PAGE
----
Johns Hopkins Hospital President Ronald R. Peterson talked about the "generous benefits" he offers to employees ("Balancing priorities and resources at Johns Hopkins," April 11).
But I'm a Hopkins employee, and I can't afford many of those "generous benefits."
I've worked at Hopkins for 12 years, but I make just $12.20 an hour, so the hospital's family health insurance is beyond my means. It's not Hopkins that pays for my two boys' health care, it's Maryland taxpayers and the state's medical assistance program.
My pay is so low we also rely on food stamps to make ends meet, as do many other families of Hopkins workers.
I like the idea that my sons could get tuition assistance from Hopkins when they go to college. They're bright and wonderful boys.
But right now, I'm struggling just to keep a roof over their heads. We're doubled up in a relative's apartment because I couldn't afford the rent on our old place. Now I worry that the only neighborhoods we'll be able to move to have the kind of schools where very few students go on to college.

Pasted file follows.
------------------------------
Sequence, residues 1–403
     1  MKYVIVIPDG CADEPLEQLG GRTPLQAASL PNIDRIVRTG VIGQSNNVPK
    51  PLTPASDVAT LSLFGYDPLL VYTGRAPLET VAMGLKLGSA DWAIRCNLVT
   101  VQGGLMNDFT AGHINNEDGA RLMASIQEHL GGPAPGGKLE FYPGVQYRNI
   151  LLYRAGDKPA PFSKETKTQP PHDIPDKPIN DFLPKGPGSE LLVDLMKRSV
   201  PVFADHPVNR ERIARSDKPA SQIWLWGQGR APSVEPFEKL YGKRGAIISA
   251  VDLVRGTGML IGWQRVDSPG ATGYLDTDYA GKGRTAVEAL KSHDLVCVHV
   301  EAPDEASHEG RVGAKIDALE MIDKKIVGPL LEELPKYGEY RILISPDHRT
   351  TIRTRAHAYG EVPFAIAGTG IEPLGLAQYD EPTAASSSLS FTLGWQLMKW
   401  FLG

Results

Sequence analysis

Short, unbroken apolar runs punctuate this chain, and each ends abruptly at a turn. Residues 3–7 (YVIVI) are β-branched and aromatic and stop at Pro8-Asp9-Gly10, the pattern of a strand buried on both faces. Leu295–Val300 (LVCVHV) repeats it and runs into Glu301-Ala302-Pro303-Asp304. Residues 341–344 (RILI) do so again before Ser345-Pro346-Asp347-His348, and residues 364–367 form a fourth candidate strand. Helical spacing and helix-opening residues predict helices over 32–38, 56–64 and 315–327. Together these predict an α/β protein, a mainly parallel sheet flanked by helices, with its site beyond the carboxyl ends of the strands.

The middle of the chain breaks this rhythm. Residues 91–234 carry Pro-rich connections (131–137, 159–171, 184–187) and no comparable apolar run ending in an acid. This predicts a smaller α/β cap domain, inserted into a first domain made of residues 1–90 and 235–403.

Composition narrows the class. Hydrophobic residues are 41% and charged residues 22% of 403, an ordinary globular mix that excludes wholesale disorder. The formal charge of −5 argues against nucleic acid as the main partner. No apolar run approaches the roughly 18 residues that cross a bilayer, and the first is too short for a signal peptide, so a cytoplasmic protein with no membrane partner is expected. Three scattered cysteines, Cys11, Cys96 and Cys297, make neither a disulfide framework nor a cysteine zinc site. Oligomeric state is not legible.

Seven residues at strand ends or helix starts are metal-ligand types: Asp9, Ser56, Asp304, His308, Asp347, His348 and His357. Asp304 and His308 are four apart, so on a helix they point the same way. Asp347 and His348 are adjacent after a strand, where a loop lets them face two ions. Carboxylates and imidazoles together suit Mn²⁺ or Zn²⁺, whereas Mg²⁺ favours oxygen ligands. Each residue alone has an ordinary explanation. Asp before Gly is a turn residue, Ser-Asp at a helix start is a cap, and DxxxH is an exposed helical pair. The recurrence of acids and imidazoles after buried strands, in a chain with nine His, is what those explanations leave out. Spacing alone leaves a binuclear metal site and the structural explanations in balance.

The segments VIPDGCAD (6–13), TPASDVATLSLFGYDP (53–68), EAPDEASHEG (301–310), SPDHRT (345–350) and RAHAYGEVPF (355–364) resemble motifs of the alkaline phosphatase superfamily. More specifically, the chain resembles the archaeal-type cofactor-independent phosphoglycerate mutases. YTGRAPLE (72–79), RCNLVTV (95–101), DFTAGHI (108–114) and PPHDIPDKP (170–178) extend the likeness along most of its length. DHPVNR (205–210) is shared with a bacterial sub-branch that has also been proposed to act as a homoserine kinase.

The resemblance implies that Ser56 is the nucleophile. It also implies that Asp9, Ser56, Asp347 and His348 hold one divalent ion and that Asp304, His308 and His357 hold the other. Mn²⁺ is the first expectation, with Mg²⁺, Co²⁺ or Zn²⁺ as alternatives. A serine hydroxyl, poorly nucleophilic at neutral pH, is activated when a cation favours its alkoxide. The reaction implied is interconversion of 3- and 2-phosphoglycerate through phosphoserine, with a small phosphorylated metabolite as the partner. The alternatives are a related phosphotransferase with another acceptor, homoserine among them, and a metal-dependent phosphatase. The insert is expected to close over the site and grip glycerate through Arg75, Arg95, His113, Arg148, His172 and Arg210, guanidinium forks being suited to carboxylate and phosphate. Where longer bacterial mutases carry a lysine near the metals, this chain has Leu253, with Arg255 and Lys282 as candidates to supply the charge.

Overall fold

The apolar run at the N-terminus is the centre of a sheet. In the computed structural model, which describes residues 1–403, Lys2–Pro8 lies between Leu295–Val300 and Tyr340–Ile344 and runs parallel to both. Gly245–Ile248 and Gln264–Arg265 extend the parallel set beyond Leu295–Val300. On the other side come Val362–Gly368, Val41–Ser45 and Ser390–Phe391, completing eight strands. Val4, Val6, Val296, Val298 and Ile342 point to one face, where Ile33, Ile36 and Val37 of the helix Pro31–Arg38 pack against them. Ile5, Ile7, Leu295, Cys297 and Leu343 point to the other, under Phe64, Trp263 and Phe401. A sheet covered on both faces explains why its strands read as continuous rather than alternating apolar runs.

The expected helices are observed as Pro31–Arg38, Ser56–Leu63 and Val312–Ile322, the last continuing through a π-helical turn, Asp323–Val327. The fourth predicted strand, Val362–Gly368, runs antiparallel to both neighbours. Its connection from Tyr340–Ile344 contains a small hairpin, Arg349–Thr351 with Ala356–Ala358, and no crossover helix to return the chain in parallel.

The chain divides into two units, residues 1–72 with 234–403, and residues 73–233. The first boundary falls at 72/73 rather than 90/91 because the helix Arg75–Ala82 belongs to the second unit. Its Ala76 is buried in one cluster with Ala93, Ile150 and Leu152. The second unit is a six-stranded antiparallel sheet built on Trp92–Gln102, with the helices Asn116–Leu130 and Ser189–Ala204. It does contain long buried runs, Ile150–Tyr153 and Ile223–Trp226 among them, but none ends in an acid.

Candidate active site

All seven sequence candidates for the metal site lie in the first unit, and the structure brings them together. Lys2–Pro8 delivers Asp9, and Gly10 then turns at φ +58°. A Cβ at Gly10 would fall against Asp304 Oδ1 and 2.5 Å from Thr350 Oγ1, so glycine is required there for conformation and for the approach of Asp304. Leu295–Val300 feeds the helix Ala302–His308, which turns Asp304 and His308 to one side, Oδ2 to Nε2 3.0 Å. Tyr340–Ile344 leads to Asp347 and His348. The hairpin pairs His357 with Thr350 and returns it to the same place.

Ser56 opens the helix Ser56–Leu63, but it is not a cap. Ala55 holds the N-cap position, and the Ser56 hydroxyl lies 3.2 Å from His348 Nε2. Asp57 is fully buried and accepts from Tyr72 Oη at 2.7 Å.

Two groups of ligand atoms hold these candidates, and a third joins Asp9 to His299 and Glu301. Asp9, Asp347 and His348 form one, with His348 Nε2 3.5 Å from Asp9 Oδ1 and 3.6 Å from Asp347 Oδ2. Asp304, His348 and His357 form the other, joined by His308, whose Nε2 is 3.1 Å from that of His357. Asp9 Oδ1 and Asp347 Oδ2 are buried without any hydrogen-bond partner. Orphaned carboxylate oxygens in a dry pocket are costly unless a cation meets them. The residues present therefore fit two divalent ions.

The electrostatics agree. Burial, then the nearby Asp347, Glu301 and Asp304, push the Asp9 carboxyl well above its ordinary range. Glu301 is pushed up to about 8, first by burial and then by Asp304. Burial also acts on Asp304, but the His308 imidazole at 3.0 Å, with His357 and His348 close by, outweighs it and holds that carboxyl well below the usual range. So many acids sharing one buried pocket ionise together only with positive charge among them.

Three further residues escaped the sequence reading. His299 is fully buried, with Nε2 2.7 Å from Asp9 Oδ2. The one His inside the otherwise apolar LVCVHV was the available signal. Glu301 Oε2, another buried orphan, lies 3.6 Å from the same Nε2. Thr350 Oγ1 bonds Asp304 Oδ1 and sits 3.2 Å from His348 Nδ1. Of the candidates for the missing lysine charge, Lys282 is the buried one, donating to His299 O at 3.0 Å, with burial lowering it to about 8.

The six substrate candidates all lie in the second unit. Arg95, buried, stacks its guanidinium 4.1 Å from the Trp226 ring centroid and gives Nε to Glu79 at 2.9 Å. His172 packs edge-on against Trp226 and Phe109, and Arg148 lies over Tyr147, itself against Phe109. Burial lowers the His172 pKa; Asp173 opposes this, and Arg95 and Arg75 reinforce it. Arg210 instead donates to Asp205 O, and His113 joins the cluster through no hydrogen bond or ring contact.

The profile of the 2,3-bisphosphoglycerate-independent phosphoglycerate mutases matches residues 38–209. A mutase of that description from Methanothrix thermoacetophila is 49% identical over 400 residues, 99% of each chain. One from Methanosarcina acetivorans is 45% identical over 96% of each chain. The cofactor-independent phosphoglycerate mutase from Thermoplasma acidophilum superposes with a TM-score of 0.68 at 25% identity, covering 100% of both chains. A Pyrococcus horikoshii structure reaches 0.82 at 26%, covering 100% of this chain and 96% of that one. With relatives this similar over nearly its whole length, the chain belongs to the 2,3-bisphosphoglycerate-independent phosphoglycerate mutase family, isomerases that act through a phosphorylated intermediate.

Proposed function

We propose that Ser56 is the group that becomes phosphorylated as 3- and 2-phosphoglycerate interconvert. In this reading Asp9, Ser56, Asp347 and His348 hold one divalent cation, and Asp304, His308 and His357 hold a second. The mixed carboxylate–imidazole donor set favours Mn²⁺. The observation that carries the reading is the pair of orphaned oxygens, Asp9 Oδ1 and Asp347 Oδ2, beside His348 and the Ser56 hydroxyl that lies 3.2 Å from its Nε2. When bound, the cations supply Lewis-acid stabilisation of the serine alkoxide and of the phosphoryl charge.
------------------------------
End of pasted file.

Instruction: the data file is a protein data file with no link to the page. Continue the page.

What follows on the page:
I've enrolled in every housing assistance program I can that could move us into a better neighborhood. But it seems wrong to me that I work at America's No. 1 hospital and have to rely on public assistance to find a decent home.
As for the educational benefits offered to Hopkins employees, I have been able to take some certification classes. But it would be almost impossible for me to take advantage of the college tuition benefits President Peterson mentions.
My pay is far too low to afford the child care I'd need to make sure my sons were OK while I was away to "study for critical jobs such as nursing," as President Peterson says.
Of course, I believe that every job at Hopkins is critical. Is it fair that workers who spend their entire careers in dietary or housekeeping jobs must live in poverty?
Finally, it's true, we do have a pension at Hopkins. But a tiny paycheck means a tiny pension. If President Peterson would pay Hopkins workers a fair wage, we could start taking advantage of the hospital's benefits and stop having to rely on public assistance.
Kiva Robbins, Baltimore
The writer is an environmental services worker at Johns Hopkins Hospital.
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